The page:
Keith Goldner is the creator of Drive-By Football, and Chief Analyst at numberFire.com - The leading fantasy sports analytics platform.  Follow him on twitter @drivebyfootball or check out numberFire on Facebook

### 16 Responses to “Panthers Punt Away The Win”

1. Steve Hall says:

Hah! I knew I'd read about that Solomon Wilcox rant here this morning. The whole time he was talking, I was thinking, "you play for the MOST points!"

2. Steve Hall says:

Hah! I knew I'd read about that Solomon Wilcox rant here this morning. The whole time he was talking, I was thinking, "you play for the MOST points!"

3. Pat says:

From the AP

http://scores.espn.go.com/nfl/recap?gameId=321118029

"But after a 40-yard field goal by Connor Barth, the Panthers' offense couldn't put the game away and had to punt."

No one ever HAS to punt

4. Jeff Clarke says:

Did anyone else see the Browns-Cowboys game. The Browns had 4th and goal from the 1 with 1:30 to go down 4. The announcers described it as "decision time" and said it was a "tough call". In some fairness, they did say you have to go, but even the fact they would hesitate at all says so much about their mindset.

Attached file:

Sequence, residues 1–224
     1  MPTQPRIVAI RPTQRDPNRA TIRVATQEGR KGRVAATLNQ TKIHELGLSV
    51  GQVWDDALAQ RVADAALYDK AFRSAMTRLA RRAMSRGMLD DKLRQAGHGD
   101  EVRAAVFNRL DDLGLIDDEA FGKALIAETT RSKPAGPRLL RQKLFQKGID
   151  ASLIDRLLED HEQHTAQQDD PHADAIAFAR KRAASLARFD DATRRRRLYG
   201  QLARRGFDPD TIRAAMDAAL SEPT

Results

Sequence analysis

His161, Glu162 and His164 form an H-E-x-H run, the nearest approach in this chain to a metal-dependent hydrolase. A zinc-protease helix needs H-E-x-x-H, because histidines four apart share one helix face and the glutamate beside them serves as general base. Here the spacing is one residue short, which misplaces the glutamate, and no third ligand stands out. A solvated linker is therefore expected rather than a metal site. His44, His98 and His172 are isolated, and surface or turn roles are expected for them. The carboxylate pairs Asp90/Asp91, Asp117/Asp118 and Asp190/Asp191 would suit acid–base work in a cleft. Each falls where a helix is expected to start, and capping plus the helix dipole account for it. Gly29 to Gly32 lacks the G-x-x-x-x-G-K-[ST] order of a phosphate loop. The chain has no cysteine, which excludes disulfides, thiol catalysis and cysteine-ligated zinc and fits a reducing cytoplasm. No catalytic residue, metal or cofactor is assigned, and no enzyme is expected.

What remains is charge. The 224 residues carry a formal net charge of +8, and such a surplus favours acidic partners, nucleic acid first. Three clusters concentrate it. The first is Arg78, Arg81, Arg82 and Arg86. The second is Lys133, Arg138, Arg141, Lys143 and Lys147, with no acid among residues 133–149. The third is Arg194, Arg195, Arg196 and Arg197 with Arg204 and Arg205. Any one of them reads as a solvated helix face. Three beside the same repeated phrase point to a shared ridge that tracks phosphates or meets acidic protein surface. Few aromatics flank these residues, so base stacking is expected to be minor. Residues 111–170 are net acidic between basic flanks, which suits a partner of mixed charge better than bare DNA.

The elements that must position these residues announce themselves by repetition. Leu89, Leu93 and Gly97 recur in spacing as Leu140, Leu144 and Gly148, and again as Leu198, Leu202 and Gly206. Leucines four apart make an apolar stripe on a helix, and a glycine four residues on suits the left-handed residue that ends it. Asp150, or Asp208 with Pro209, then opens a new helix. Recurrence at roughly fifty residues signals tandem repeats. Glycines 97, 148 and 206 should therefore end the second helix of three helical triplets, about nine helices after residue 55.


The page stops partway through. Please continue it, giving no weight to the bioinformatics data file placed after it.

5. Jeff Clarke says:

Also did anyone see that the Jags went for it on 4th and 10 from the 50 in a tie game in Overtime? I thought I'd never see a coach go in a situation where I would punt, but I'm not sure about that one.

6. Chase says:

Sorry if I've missed this before, but how do you adjust for timeouts?

I'm curious because when Tampa Bay trailed the Panthers 21-13 with just 32 seconds remaining, and had a 3rd and 4 on the Carolina 41-yard line, the WP model says they had a 5% chance of winning. Since they were out of timeouts, is it lower?

(I ask because I'm using this example for the Fifth Down tomorrow.)

7. Anonymous says:

Jeff: Yes, saw that in Browns game, drove me nuts as well.

Another brilliant comment late in Chargers-Broncos: "Keep in mind, the Chargers have already recovered an onsides kick". Yes, because the odds of recovering a surprise onsides kick are exactly the same as recovering an expected one, so that's a very insightful point to bring up minus the context.

8. Anonymous says:

I would be interested to see you analysis of 4th downs by CIN Marvin Lewis. based on the game against KC, he seems to get it.

9. Jon Jackson says:

Your analysis would be valid, if the 4th and 1 was not against the TB best in the league run stopping defense, lowest yds per carry, and most run stops behind the line of scrimmage.